This blog post appeared as a guest blog post on Christopher Hill’s blog “Construction Law Musings.”   Many thanks to Chris for allowing me to be a guest blogger.  

When a developer defaults on a loan and subcontractors are left unpaid who “owns” the unpaid funds?  That is what must be decided in a dispute between unpaid subcontractors and the project’s lender on a Radisson hotel project in Wisconsin.    ENR reports that the unpaid subcontractors on the project are competing with the project’s lender over unpaid funds in a foreclosure action.  ENR concludes that

“[b]ecause [the lender’s] claim for legal remedy outweighs that of the subcontractors, there is a possibility that the missing payments will never reach the contractors’ mailboxes.”

In most jurisdictions this is true if the battle is over the superiority of a mechanics lien versus a construction loan lien (because the construction loan lien is usually superior) or over whether a subcontractor has a third party beneficiary right in un-dispersed loan proceeds (they do not).  However what about earned funds that the insolvent developer is still holding?  Or, what about funds held in the developer’s account with the bank that the bank seeks to use to off-set any amounts owed to it under the loan agreement (which loan documents often give lenders the right to do)?  In many jurisdictions, case law suggest that in either of those situations, the subcontractor may prevail.

Since the U.S. Supreme Court’s 1962 decision in Pearlman v. Reliance Ins. Co., 371 U.S. 132 (1962), federal courts and several state courts have recognized unpaid subcontractors have a “super-priority” to unpaid funds against a competing third party.  Indeed, federal courts hold that in a bankruptcy context money retained by an owner from a bankrupt general contractor is not property of the bankruptcy estate.

In Pearlman, a dispute arose between the trustee and a payment bond surety over funds retained by the construction project’s owner, the federal government. In constructing what has become known as the Pearlman doctrine, the Court held that not only were the retained funds not property of the bankruptcy estate, but also that unpaid subcontractors had a right to be paid directly from the retained funds.  Numerous Circuits  have applied the Pearlman doctrine in varying contexts to uphold a subcontractor’s super priority to unpaid funds against a competing third party.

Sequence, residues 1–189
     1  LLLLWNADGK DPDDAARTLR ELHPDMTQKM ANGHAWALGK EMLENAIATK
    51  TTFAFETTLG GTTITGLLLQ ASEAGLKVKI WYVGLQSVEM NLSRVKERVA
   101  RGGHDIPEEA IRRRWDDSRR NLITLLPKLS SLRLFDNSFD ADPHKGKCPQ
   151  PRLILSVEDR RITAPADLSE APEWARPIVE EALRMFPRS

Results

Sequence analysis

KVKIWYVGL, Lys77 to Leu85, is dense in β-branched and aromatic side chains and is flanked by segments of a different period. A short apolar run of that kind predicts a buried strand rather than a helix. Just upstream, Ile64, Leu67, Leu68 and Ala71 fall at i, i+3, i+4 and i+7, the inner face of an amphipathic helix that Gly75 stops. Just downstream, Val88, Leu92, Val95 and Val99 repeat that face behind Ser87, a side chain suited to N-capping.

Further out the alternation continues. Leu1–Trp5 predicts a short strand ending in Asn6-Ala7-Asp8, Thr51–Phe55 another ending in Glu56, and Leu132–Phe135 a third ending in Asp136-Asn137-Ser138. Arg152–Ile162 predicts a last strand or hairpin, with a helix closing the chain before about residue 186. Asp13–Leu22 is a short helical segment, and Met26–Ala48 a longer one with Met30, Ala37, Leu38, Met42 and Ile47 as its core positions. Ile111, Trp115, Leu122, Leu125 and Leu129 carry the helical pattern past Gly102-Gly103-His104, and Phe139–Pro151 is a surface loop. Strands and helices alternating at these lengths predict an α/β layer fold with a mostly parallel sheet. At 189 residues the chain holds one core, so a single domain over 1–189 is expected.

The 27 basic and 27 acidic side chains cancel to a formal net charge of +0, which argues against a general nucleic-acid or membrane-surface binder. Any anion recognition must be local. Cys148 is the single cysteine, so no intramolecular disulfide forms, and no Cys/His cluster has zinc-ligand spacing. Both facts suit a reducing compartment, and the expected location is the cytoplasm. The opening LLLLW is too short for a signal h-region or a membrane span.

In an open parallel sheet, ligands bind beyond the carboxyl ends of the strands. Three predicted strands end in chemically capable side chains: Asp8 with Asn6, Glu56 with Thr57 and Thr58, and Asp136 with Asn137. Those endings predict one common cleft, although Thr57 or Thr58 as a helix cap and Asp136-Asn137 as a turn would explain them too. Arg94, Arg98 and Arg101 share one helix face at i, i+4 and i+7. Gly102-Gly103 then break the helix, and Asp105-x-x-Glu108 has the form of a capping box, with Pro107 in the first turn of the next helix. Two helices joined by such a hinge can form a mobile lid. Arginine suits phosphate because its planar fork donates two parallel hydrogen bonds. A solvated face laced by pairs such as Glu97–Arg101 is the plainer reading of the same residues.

The scope of relief that the lender in the Raddison case requested is unclear.  If it is a run of the mill foreclosure action against the property, then as the ENR article suggest it would likely prevail, as it would in most jurisdictions.  However, if scope of relief goes beyond simply seeking title to the hotel property and seeks to foreclose on funds the insolvent developer has not paid or is holding in an account with the lender, then the subcontractors may want to keep checking their mailboxes.


I love that my clients and readers share my views on capitalism.  In response to my previous post, “Need a Construction Loan?  Consider Hard Money Lending,” I received an overwhelming number of questions asking how people can get into the business of lending, rather than borrowing, hard money. I will answer a three of the more frequently asked questions that were emailed to me.

1.  Do I need a license to become a hard money lender?

It depends.  State law governs licensing of mortgage lenders and, therefore, varies from State to State.  However, under Pennsylvania law, lenders making mortgage loans to borrowers  strictly for business or commercial purposes and for non-residential property are NOT required to obtain a mortgage brokers license.  Because the exception to the licensing requirement applies to a narrow classification of loan, lenders should consider obtaining a license.  Furthermore, those operating outside the Commonwealth of Pennsylvania should check with their State’s licensing commission on licensing requirements.

2.  Do I have to comply with the Truth in Lending Act or RESPA?